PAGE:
Banks are banking on digital signage
Banks and financial institutions are increasingly banking on digital signage to reinvent the in-branch experience for customers.
Now that so many day-to-day bank tasks can be accomplished on the Web or on a phone, FIs are changing how and what they focus on in the brick-and-mortar branch — and digital signage is the key to the vault.
"Digital signage has become an important element in modern banking, allowing a more effective customer experience and communication," Lou Carulli, marketing manager for New York-based digital signage solution provider YCD Multimedia, recently told DigitalSignageToday.com.
"Financial institutions are connecting with their retail customers in methods that take more cues from coffee houses and sports clubs than the marble halls and gold-filigree teller windows of banks of old," Jennifer Davis, vice president, marketing and product strategy for digital signage display provider Planar Systems Inc., said in a recent email. "Today’s banks are comfortable spaces where consultants can walk customers through personal finance options and build community."
And now that so many banking tasks can be done remotely, digital signage can create the middle ground between the virtual and the physical, according to David Little, director of marketing for digital signage solution provider Keywest Technology.
"Digital signage serves to bridge the gap between all-digital banking and in-store banking," Little said in a recent email. "It has the power to foster and retain customer loyalty by making an emotional connection, intensifying the personal relationship with the customer and the bank."
According to Carulli, banks are becoming retail environments that are rediscovering the value of in-branch services for boosting sales and strengthening customer relationships. Digital signage, he said, can enhance the in-branch customer experience and serve as an effective communication tool to present targeted information to waiting customers and promote new products and services according to the interests of customers in different areas of the branch.
Also, the financial instruments and products provided by financial and lending institutions can offer intangible benefits that might be difficult for consumers to grasp looking at printed signs or posters, Little said. "Digital signage can target rich media showing the outcomes more convincingly at the point patrons are thinking about financial decisions, which can assist in triggering need recognition."
The banks and FIs of today are comfortable spaces where banking consultants can walk customers through personal finance options and build community, Davis said. "It has long been common for banks to put digital signage or video walls in their storefront windows to advertise their credit rates or checking programs to passersby. Today, we are seeing video being used to encourage engagement, to provide financial education on a personal level, and to deepen the conversation and relationship between the bank and its clients."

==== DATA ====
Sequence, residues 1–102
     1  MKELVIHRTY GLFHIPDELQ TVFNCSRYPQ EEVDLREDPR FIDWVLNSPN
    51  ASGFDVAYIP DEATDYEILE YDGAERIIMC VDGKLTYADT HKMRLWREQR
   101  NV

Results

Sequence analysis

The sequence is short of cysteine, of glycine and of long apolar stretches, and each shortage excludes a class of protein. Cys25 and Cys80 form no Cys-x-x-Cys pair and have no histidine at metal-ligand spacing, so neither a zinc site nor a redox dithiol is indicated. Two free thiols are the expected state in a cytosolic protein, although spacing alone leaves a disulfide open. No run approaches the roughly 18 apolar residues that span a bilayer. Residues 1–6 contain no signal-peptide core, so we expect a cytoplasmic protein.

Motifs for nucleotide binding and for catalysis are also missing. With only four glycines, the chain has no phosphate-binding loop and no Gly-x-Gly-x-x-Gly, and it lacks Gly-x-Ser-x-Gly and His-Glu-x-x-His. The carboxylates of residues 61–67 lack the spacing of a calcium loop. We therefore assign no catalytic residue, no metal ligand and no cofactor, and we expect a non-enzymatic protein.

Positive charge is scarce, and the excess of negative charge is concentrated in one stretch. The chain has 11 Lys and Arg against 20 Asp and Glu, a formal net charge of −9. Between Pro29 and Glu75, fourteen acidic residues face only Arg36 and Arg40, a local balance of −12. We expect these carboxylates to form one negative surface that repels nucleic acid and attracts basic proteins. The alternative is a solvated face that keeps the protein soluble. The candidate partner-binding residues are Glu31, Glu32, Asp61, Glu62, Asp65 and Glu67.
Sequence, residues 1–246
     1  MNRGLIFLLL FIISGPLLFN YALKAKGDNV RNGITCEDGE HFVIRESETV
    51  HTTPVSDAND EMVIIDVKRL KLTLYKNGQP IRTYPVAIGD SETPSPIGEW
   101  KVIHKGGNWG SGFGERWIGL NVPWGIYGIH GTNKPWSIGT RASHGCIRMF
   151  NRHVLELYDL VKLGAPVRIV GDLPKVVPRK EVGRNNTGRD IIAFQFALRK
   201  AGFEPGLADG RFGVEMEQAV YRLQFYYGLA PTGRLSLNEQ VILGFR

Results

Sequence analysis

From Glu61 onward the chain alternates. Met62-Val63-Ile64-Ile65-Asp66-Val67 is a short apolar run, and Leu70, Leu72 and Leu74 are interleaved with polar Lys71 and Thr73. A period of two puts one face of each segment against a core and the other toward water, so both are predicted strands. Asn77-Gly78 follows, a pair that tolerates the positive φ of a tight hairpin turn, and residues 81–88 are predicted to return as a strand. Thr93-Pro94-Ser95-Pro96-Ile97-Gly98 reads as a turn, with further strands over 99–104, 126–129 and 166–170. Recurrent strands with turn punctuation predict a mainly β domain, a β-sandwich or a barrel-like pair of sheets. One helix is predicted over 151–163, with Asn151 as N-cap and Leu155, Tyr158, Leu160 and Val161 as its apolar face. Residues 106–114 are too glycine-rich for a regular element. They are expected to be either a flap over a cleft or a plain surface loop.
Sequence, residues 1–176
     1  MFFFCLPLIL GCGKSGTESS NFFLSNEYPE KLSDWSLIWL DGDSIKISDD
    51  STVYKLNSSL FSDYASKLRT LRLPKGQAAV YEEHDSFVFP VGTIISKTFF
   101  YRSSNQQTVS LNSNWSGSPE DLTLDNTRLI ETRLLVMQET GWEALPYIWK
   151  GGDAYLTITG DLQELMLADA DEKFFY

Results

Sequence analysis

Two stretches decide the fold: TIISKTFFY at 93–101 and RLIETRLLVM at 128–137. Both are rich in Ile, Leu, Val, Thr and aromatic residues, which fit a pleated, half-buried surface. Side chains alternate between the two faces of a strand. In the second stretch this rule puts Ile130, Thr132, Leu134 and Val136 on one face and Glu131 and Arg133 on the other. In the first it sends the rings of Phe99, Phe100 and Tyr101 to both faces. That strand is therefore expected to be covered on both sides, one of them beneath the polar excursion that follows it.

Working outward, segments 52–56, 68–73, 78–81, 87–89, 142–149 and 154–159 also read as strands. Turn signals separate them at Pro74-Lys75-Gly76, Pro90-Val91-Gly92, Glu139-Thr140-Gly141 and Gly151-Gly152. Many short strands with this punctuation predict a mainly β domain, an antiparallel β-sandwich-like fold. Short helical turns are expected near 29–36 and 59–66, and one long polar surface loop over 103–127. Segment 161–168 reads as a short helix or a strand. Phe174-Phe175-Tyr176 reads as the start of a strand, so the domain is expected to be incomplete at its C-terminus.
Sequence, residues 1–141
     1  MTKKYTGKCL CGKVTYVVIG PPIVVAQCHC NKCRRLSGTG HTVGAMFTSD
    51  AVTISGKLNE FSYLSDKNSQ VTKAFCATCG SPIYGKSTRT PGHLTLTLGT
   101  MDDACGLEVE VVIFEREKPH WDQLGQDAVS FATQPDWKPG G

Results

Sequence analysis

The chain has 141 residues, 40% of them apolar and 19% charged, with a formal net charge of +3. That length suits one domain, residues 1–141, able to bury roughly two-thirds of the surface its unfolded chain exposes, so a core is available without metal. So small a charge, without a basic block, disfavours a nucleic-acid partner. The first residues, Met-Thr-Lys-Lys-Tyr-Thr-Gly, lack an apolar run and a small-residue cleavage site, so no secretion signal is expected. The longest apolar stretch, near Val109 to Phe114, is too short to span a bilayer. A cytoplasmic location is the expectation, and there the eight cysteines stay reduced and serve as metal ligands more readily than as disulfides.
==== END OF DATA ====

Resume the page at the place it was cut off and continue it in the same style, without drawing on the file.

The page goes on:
Digital signage also can help FIs strengthen their branding and help maintain customer loyalty, Carulli said. And it can reduce perceived wait times — and real customer annoyance — by entertaining customers with video clips or TV feeds, he said.
This, in turn, helps the bottom line, according to Little.
"Customers who are educated and entertained by digital signage are better informed, more receptive and more easily motivated to purchase," he said. "Most case studies about digital signage report that customers like digital screens, and this kind of affinity increases customer satisfaction.
Digital signage can also help the bottom line in less obvious ways, by reducing staffing needs and training costs, according to both Carulli and LIttle. Interactive screens can provide the information a customer is looking for without tying up bank personnel, or reduce the number of questions customers later ask tellers or associates.
"This can reduce teller service times and compensate for reduced staff without affecting the quality of customer service," Little said.
"In addition, digital signage drastically reduces printing costs of in-branch posters, data sheets and brochures," Carulli said. "It also can be used for off-hour employee training sessions via displays."
Training videos can be distributed and scheduled over the bank's digital signage network to keep employees current with banking policies, Little said, while "additional back-of-house messaging can reinforce training and procedures to help keep employees focused."
But in the end it comes back to customers and the bank's relationship with them, and digital signage does more than create new ways of serving the customer — it also helps create a new environment for them.
"We are seeing banks using video in new and exciting ways to create space," Davis said. "This more personal and dynamic approach is reflective of how people’s relationship to their money has changed and how they want service providers, like banks, to cater to their individual needs."
Christopher Hall Christopher is the managing director of the Interactive Customer Experience Association and former editor of DigitalSignageToday.com. A longtime freelance writer and reporter, he's bringing a fresh perspective and critical take on the industry. www